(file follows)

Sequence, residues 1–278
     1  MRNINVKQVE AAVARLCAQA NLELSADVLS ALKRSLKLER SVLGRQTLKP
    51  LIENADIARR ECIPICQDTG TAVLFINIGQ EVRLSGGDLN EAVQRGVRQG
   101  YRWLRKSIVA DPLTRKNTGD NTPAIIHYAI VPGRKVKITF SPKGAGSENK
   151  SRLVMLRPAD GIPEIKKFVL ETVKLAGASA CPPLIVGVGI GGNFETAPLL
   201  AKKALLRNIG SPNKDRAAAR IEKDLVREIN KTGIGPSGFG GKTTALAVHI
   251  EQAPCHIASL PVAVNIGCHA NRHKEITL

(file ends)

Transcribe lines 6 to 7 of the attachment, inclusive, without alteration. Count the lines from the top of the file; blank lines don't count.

   201  AKKALLRNIG SPNKDRAAAR IEKDLVREIN KTGIGPSGFG GKTTALAVHI
   251  EQAPCHIASL PVAVNIGCHA NRHKEITL